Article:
The Sharon Kleyne Hour

Radio Talk Show –

Power of Water – Global Warming

Mind – Eyes – Skin – Body


Show Summary


Date aired: April 14, 2008


Guest #1 Dr. Alan Kadish, NP (Medford, OR), Naturopathic Physician      

“Purchasing Dietary Supplements”

Guest #2 – George Kotti, Executive Director, Hot Springs (SD), Chamber of Commerce

“The South Dakota Hot Springs” 


Sharon Kleyne (paraphrased): Welcome to the Sharon Kleyne Hour. My guest today, for the second time, is Dr. Alan Kadish, a Naturopathic Physician from Medford, Oregon. Welcome, Dr. Kadish. Could you tell us about yourself once again?    

Dr. Alan Kadish (paraphrased): Sure. When I was growing up, I had a number of medical problems that conventional medicine could not help. When we moved out of the country for a few years, I discovered alternative medicine. Ultimately, I cured myself with diet. I eventually went to school to become a licensed Naturopathic Physician.

S: Are there unlicensed Naturopathic Physicians?

A: There are many of them. Most don’t use the word “physician” in their title, which is one way to tell. It’s pretty easy to tell is someone is qualified. Only 15 states license Naturopathic Physicians and there are only five accredited schools (one is in Portland). The licensing states require graduation from an accredited school, and you must pass a state board exam. It’s helpful to know all this when you to go a Naturopathic Physician. To find out for sure is someone is qualified, look them up on the AANP register (although only about 50% of graduate NP’s belong to the AANP).

S: It’s a very exciting field. I always recommend that patients be very careful in selecting a doctor, that they ask lots of questions, and that they pick somebody who spends a lot of time asking them about diet and lifestyle.

A: There are some great articles about diet and lifestyle at my website, which is

S: Today, we are going to talk more about dietary supplements and how to buy them. In our deteriorating environment, supplements are becoming important to supply what the environment may no longer supply. Las Vegas and west Texas are the worst places in the U.S. for dryness but they’re not nearly as bad as China, Argentina and Mexico. Dry eye and dry skin are a terrible problem in those places. How well regulated in the U.S. supplement industry?

A: It’s getting there. They passed a Federal law regulating the manufacture of vitamins and dietary supplements in 1994 but they’re only now beginning to enforce it. The FDA has implemented a series of standards called “Good Manufacturing Practice” or “GMP.” This has long applied to pharmaceuticals but had not been applied to supplements. The idea is to make sure that what’s in the bottle matches what’s described on the label.

S: Can we be confident in the supplement we buy or do they still vary widely?

A: You can be confident. However, there are some big “ifs.” When you buy vitamin D, for instance, you need to know if it’s D2 or D3. And it makes a difference what the quality control standards are, which and how much anti-oxidants are included, and what other ingredients are added. The government wants this to be reliable and accurate until the expiration date. Also, it’s very important how supplements are stored. Fish oils go rancid if stored for very long over 70 degrees. However, some supplements get water-logged if you leave them in the refrigerator.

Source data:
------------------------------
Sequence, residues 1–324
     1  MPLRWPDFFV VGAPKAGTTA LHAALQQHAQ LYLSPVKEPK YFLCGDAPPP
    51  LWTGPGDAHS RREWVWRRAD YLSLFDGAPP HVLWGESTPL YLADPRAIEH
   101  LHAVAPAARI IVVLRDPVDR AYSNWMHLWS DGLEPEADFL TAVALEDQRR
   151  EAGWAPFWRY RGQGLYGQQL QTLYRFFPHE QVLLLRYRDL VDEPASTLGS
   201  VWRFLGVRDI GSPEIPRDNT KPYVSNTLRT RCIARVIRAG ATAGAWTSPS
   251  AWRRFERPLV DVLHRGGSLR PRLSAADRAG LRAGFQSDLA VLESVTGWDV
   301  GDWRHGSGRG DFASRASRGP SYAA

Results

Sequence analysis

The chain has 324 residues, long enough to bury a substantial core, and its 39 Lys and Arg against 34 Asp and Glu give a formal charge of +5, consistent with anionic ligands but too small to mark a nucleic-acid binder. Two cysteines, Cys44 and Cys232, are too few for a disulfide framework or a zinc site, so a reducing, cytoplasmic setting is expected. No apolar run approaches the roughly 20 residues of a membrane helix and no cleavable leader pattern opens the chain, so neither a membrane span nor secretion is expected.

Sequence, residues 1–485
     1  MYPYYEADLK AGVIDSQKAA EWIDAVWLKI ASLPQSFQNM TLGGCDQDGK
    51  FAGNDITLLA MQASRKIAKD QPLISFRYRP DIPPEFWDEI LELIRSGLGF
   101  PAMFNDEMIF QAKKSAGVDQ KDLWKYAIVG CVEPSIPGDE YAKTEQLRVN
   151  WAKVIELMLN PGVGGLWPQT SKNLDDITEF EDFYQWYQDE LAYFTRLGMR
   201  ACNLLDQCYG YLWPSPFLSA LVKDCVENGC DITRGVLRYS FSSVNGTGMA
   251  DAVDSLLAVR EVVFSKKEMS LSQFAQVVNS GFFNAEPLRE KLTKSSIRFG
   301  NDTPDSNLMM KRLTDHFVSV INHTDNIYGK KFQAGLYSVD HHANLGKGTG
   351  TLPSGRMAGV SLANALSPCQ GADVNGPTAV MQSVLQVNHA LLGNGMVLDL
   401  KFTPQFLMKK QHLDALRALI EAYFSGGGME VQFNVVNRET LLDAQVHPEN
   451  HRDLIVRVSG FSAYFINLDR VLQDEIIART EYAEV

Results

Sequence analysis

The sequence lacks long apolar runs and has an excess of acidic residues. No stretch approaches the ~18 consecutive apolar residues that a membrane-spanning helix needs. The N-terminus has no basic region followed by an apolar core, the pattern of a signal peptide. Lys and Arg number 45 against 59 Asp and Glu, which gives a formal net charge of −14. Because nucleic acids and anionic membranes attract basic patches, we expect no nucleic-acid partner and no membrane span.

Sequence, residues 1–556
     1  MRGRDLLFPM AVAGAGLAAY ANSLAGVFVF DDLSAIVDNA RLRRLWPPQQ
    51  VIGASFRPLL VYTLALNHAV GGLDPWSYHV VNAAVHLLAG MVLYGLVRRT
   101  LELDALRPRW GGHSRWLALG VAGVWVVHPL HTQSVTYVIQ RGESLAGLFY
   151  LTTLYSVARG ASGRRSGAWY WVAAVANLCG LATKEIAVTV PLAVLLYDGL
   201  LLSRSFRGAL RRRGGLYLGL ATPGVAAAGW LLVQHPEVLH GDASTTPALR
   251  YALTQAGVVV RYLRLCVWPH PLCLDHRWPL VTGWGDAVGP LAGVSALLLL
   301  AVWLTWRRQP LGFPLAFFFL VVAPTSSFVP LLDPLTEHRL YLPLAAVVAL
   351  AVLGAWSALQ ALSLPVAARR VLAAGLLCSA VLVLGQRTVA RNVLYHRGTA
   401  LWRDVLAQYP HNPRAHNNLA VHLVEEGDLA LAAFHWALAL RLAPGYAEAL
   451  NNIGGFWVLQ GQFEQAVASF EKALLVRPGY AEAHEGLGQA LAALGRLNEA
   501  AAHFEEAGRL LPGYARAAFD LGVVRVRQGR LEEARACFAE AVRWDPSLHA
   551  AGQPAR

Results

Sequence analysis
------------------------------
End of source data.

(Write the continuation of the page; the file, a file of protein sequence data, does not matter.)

S: There’s a lot of knowledge involved with supplements, that most store clerks don’t have.

A: This is not easy information to acquire. Not all supplements are good for you or compatible with other supplements. Getting back to GMP, it was passed in 1997 and is still not fully implemented. Full implementation will begin in August, 2008, for larger companies, and later for smaller companies. I should add that some companies have being exceeding these standards voluntarily day one while others are being dragged kicking and screaming. One of the largest vitamin companies has only recently met GMP standards.

S: Could you tell us about alkaline water and herbal medicine?

A: We could do a whole show about the Japanese companies selling “alkaline water” with all sorts of dubious claims. And the “Herb Pharm” group in Williams, Oregon, not far from where we live, is already incompliance with GMP regulations and has excellent quality control. This can be expensive for a small company.

S: Do you have any final words?

A: I have several.

1.      If you are purchasing a product for your health, make sure you need it.

2.      There are many companies and the most expensive supplement is not always the best. Sales clerks usually can’t help you with this.

3.      Less is better than more and food is always better than pills.

4.      There are places you can go to online or call that can give you an independent assay of a product’s contents.

5.      There’s an excellent article on my website about buying supplements. Go to HTTP:// “And you thought the label was accurate.”

6.      Ask someone who KNOWS!

S: And drink plenty of water.

A: Non adulterated water for which you know the source.

S: Thank you once again, Dr. Kadish. My next guest is George Gotti, Executive Director of the Hot Springs of South Dakota, at the extreme south end of the Black Hills, who will tell us all about this wonderful and popular warm spring.